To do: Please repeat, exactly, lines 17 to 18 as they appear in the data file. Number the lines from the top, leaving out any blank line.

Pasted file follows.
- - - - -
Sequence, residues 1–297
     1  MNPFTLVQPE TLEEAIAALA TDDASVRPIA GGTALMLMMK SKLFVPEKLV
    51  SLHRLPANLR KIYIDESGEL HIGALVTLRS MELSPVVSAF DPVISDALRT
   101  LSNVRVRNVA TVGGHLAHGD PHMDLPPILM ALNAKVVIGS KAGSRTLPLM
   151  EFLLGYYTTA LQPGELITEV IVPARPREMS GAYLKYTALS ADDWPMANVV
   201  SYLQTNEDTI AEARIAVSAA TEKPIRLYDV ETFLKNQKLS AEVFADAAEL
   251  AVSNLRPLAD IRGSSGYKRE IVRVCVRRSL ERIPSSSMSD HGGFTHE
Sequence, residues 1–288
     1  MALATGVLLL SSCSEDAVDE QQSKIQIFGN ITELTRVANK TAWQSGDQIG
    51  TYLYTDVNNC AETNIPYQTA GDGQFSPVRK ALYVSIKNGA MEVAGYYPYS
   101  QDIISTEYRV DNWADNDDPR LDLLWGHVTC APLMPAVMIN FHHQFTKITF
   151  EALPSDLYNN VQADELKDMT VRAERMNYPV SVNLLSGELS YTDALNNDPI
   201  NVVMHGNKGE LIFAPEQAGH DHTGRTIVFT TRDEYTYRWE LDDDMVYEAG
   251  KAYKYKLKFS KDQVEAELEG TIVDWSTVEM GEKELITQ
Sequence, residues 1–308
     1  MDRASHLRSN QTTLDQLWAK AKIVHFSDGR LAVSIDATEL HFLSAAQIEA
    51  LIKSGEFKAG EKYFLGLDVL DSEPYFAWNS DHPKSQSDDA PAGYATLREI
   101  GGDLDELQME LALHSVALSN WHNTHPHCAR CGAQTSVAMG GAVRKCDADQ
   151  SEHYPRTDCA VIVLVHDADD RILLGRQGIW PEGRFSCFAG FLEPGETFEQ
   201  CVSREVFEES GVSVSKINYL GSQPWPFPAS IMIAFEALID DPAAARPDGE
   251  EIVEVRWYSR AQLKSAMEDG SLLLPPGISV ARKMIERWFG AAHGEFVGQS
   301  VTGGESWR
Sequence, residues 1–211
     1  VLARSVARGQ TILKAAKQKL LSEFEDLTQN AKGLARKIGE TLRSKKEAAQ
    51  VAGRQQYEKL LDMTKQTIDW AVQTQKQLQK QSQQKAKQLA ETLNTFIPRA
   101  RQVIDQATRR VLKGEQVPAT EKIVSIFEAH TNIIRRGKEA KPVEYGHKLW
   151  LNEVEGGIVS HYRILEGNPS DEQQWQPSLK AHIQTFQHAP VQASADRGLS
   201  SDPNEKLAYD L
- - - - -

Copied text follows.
    51  LIKSGEFKAG EKYFLGLDVL DSEPYFAWNS DHPKSQSDDA PAGYATLREI
   101  GGDLDELQME LALHSVALSN WHNTHPHCAR CGAQTSVAMG GAVRKCDADQ